The Good Son is set in belfast in 1980 during the height of The Troubles. It's the story of a little boy who will do whatever it takes to protect his little sister and his mum from the dangers of the harsh environment of the streets and in their home. He's a quirky, funny, imaginative little soul who tries desperately to hang on to his view of the world based on his love of TV and films as he battles daily with a world that is in stark contrast to his inner thoughts.
How did the novel change over successive drafts?
The novel changed quite dramatically. I started writing a novel with no experience and little knowledge of writing prose. I was happy with the result. The more I read and understood about the form I realised I'd written a series of short stories about the same character and decided to re-write it as a novel concentrating on cause and effect.
The final draft was a huge re-write. I cut out a few characters, one who was central to the plot. The second half of the book is completely different with a very different ending.
What's your favourite part of the writing process?
I love when you're 'in the zone'. When you aren't really writing but letting a character take over and the words are flying out of you without thought.
How important is a digital presence for a writer?
I think you chose your path. Do what's right for you. It was an organic thing for me. I started a blog and an online presence when I started back writing after a long break. The two went hand in hand. It has been beneficial to me and comes easily and for the most part I find it pleasurable. It has gotten me jobs, opportunities to read at events and on radio and led to invites abroad. It has also helped with getting my novel some attention.
Which authors have influenced your own writing?
Most are from my youth and have stayed with me. Hemingway, Henry Miller, Anais Nin... Can't say whether you can see any of those in my writing.Photo of Paul by Roelof Bakker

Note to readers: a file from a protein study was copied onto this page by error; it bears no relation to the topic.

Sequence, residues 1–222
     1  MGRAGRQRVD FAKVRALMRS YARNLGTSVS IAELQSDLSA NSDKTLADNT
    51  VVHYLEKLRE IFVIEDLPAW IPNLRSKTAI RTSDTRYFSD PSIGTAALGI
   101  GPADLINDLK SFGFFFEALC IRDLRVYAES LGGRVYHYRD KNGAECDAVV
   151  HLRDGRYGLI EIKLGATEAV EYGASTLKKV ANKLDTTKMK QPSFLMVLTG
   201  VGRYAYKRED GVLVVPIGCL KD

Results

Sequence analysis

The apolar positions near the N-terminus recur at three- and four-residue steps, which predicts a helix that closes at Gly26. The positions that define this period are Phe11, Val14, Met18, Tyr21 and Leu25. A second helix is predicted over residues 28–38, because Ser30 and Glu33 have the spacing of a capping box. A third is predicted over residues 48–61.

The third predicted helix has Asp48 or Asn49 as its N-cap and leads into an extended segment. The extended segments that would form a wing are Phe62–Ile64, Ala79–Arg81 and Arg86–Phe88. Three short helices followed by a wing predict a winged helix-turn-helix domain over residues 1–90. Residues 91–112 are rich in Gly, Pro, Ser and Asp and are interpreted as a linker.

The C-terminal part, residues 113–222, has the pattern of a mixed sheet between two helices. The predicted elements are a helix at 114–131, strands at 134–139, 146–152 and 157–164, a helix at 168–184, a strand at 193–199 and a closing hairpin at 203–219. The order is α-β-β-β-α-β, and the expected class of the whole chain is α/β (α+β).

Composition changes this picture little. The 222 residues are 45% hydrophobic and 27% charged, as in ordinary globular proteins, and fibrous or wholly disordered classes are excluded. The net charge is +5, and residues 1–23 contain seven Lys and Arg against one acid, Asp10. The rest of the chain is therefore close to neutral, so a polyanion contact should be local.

Paul McVeigh was born in Belfast where he began his writing career in theatre. He moved to London where he wrote comedy shows, some of which appeared in London's West End. Since turning to prose, his short fiction has been published in journals and anthologies, been commissioned by BBC Radio 4 and read on BBC Radio 5. Paul is co-founder and Director of London Short Story Festival and Associate Director at Word Factory, the UK's leading short story salon.
His debut novel The Good Son was published in April 2015 and has been called 'Outstanding' by Toby Litt and 'A work of genus' by Pulitzer Prize-winner Robert Olen Butler.
Paragraph Planet is a creative writing website which has been publishing one 75-word paragraph every day since November 2008. Famous authors, aspiring writers and occasional dabblers have all got involved, submitting a mixture of twist-in-the-tale flash fiction, evocative short, short fiction, openings of published novels or brief moments captured. Get involved here. You can read over 2000 examples in the archive section. There are also interviews with some of the published authors who have submitted to the site, as well as an authors page in which you can read an example paragraph from all authors who've submitted, and also link to dedicated pages with more info about regular contributors. There's also a Blog Directory of authors who've contributed to the site.